How to make award-winning
films & videos ...
By Hunter Todd, Chairman & Founding Director
(Winner of more than 117 international awards as Producer, Director
and/or Cinematographer of over 300 films, including Features, Shorts,
Documentaries, TV Specials, TV Commercials, Business & Corporate
Please Note: This is really just intended for
beginning filmmakers, students and first-time film/video makers.
To all our seasoned pro's out there, this is not really intended
for you ... just the dear beginners!
The 46th Annual WorldFest-Houston
- April 12 - 21, 2013
Get a script...
“A good story, well told - is the true beginning of any movie.
Tricks and techniques will not make a bad story better. Hollywood
manages to prove that every day. Your story needs a beginning, a
middle, and an end - with an intro, a conflict/crisis, and a resolution.
These are the very basic elements. Need a good story? Pick your
favorite short story or one by O. Henry. A story that is simple,
short and to the point.
Not a great artistic feat, simply line drawings of each scene and
every scene, so you can plan it all out. Helps in editing too. If
you have a pal that is an artist, even better.
Buy a Tripod!
One of the most basic mistakes our juries see in thousands of entries
is the "nervous camera" which really detracts from the
film. Hand-held is just fine if it helps the story. But for most
shorts, a steady camera platform helps tremendously. Jiggly cameras
simply come between the story and the viewer. A good tripod can
cost as little as $25 new! Great cameras are OK, but too much shake,
rattle and roll will give your viewers a serious case of mal-de-mer!
the Zoom Lens!
Few things are as annoying to an
audience or a film festival jury as OVER USE OF THE ZOOM LENS! You
will notice that Hollywood rarely - if ever - uses the Zoom ...
use wide shots, then cut to a close up or medium shot ... never
zoom! It is highly distracting even in home movies about a cute
baby! Even a crude dolly-in shot from a wheel chair or wagon is
better. Once in a rare while you can use the zoom for impact, but
we hate to see it messing up your good story. Keep it in the bag!
You will thank me later.
Choose your weapon!
Buy or rent a digital video camera that offers the highest resolution
you can find. Really good ones can cost as little as $750 to $1,000.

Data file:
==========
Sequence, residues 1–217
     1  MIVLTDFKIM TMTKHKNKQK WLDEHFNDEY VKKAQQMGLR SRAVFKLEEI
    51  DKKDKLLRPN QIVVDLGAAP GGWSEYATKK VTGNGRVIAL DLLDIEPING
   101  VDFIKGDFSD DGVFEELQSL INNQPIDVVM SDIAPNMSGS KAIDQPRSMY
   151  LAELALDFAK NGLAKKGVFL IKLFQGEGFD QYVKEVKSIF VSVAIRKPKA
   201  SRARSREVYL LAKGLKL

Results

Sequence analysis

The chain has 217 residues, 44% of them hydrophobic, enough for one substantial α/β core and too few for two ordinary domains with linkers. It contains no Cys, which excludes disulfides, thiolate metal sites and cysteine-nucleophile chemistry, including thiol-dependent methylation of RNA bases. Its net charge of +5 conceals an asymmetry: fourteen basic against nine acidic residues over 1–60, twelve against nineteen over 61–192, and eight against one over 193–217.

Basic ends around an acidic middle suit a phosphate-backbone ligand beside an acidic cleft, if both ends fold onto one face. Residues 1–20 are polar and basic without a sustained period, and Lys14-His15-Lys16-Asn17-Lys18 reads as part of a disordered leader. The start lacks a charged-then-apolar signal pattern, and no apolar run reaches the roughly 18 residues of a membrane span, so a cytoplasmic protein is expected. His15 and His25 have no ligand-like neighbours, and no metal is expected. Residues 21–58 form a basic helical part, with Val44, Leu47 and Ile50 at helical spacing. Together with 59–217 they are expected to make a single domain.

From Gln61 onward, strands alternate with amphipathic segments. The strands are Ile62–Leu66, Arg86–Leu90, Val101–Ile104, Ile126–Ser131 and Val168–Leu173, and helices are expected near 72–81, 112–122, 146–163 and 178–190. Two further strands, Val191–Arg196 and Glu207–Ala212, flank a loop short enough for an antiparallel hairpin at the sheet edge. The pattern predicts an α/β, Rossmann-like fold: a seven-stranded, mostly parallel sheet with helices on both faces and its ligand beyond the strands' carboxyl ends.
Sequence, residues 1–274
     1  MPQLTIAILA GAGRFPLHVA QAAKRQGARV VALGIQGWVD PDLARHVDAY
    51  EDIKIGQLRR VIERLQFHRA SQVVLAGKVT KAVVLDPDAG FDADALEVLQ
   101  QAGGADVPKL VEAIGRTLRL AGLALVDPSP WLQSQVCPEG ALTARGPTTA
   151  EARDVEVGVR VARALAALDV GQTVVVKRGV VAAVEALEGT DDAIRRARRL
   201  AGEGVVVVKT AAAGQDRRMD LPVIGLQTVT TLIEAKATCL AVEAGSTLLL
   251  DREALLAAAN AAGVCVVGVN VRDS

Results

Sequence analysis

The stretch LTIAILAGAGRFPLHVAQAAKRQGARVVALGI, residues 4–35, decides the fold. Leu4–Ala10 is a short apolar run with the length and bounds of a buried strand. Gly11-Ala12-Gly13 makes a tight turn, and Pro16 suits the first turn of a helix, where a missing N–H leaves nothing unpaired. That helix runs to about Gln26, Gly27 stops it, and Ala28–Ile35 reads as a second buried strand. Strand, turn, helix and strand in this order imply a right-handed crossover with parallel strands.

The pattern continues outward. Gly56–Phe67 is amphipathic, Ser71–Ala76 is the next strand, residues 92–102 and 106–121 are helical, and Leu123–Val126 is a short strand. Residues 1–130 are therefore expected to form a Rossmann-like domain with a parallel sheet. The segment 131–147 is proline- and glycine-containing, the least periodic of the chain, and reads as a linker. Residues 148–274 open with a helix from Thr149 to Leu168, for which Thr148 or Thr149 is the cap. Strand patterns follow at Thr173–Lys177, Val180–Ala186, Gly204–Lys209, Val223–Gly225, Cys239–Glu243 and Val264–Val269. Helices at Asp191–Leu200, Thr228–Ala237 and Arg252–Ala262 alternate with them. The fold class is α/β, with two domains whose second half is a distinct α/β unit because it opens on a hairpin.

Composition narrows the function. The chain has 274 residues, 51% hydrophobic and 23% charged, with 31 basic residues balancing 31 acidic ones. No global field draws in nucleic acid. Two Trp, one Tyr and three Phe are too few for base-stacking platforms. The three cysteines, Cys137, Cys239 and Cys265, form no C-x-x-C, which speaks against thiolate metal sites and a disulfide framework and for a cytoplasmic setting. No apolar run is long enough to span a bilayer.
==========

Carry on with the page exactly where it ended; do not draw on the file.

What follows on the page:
Professional models are coming down in price and can be rented for
small daily fees over the weekends. You can buy a used Bolex 16mm
movie camera for just a few hundred dollars, shoot on film and then
edit on tape which does give you far better quality. Shooting on
film and then digital editing on tape is the way the pros and the
big studios do it, and you can too!
Can You Hear Me Now?
Clear audio is critical. The puny built-in mike on your video camera
just won't cut it. It is a cheap, low quality mike. It is too far
from the action, too far from your actors. You can get an inexpensive
wireless, clip-on model from Radio Shack or any sound or video store.
Good sound quality is critically important. Listen to the actual
scene playback! If you use a boom mike, be very careful to keep
the mike out of the shot! Check playback!
Lights, Camera, Action!
Available light is not really good! Inside and outside it makes
shadows and hides details. You can get a camera mounted mini-fill
light for just a few bucks! Or bounce a big spot off a white foam-core
sheet. Same outside, fill-light works and gets rid of bad shadows
on the face. Even a plywood board with shiny foil glued to it helps
bounce sunlight into the scene. Hollywood does it, and so should
you. Keep the light steady though. Wiggly light is also very distracting.
Take Four, Scene 32! Rehearse,
rewrite and re-do!
Try to run through each scene with your actors. A dress rehearsal
of the entire show is fine. Shoot each and every scene many times.
At least three to five takes! Shoot from different angles, use close-ups,
long shots, medium shots, establishing shots, cut-aways! Replay
the takes every time. Look at them on a big monitor; check the sound
and the video quality. Make sure you have a good take that you really
like. Sometimes a re-do is impossible later. Watch out for that
boom mike in the shot! Hollywood does that all the time!
Cut, slash, edit and re-edit!
You can buy a really good movie editing program for just a few hundred
dollars. Final Cut Pro is more costly but worth every penny. Use
free programs like iMovie or Windows Movie Maker to cut your very